When Vice City came along a year or so later, it took the country by storm. Which is to say, around 500 people played it. I believe it’s still the most widely played and popular GTA title in the country. It’s still on display at every pirated DVD store. I’m relatively sure it’s still a bestseller at the likes of Crossword and Landmark. Just a year ago, I was on a Mumbai local train, listening to a conversation between college kids who claimed to have just discovered this “crazy new game”. Vice City’s cult status in the country, even to this day, is hilarious, but strangely heart-warming at the same time.
I’ve lost track of the hours I spent trying to clunkily control a helicopter, customising CJ to the hilt, and building an empire that truly felt like it belonged to me.
GTA IV was fantastic, with Rockstar’s Euphoria engine, and the overall realism. I’ll still never get over how shooting a stationary car’s driver would make his head collapse onto the steering wheel and make the car veer out of control. The attention to detail was the stuff of orgasm. However, as great as Niko Bellic’s journey was, it’s GTA: San Andreas that really defined, and in my books, continues to define the open-world videogame genre. As an overall package, to me it’s pretty much the most perfect videogame ever created. My fingers would tingle with anticipation every single day on my way back home from college. The sheer size of San Andreas was beyond anything I could ever have imagined in a videogame.
It’s arguably the best Grand Theft Auto story ever told, with the most memorable characters, and plot twists that were properly gut-wrenching. But it was just SO. MUCH. FUN. I’ve lost track of the hours I spent trying to clunkily control a helicopter with my keyboard and mouse, customising CJ to the hilt, and building an empire that truly felt like it belonged to me. I knew the roads of Los Santos far better than the roads of Bombay. It felt like a part of me lived there. I sound like a 13-year old with a crush, I know, but I can’t overstate the effect of San Andreas on the evolution of my taste in gami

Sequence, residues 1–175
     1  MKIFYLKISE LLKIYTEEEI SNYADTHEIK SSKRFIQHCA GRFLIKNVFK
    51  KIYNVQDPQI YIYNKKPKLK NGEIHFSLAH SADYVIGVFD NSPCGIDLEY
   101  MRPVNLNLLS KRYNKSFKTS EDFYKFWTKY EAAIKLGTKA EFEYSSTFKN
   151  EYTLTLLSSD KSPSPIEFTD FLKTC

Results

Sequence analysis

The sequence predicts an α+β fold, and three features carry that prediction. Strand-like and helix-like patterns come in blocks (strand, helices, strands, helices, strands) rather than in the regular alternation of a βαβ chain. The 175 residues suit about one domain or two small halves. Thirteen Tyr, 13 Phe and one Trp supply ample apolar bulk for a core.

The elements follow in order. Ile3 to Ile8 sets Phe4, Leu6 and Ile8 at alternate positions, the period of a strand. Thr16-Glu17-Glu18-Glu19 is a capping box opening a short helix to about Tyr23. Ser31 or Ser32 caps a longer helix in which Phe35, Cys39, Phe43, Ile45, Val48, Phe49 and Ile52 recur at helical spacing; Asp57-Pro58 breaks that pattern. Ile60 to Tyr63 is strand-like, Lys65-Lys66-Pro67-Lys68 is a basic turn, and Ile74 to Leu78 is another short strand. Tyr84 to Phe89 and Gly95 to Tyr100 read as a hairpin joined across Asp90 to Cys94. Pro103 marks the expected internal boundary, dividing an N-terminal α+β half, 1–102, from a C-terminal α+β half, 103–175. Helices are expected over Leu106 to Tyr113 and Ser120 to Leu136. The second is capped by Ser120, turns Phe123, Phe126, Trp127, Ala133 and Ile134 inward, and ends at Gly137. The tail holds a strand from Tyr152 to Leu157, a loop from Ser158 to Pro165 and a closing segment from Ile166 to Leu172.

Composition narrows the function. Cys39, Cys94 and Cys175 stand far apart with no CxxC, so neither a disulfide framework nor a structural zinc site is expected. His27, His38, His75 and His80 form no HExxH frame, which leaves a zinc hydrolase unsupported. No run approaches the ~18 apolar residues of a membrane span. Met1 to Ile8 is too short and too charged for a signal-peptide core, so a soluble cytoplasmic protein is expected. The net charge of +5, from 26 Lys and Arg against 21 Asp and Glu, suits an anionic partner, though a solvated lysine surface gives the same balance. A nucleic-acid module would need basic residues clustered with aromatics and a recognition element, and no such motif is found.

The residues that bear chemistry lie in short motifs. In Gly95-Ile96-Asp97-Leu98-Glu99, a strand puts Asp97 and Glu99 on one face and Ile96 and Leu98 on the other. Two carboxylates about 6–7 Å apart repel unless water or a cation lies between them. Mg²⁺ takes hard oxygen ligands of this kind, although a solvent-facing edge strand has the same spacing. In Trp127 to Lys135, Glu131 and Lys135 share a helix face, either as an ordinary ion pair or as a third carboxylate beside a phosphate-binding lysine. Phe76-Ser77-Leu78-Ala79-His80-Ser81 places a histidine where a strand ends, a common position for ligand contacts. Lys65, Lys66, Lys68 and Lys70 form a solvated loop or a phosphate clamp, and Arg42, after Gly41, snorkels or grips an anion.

I can just never conceive a way in which a Grand Theft Auto title could disappoint me.
And it’s on that soppy, emotional note that I must state, once again, just how much I’m looking forward to wasting away another 50 hours of my life immersed in GTA V. I’ve stayed away from as many trailers and gameplay videos as I could, because I’d prefer every little thing to be a surprise, feeding the latent criminal within me. With most videogame titles I look forward to, there’s invariably a little voice in the back of my head whispering worriedly, “What if it sucks monkey balls?” I have no such issues when it comes to GTA. I can just never conceive a way in which a Grand Theft Auto title could disappoint me. It never has in 11 years, and I don’t expect that to change now. Just 6 to 12 months to go! *sobs into keyboard*
Azeem Banatwalla is a writer and stand-up comedian. He spends bewildering amounts of time and money adding things with fans and blue lights to his gaming rig, refusing to play any game below the maximum visual spec. He’s a PC gaming snob, but he does occasionally miss playing old-school Sonic on his Sega Mega Drive 2. Views expressed are Azeem’s own and do not reflect those of IVG’s editorial staff.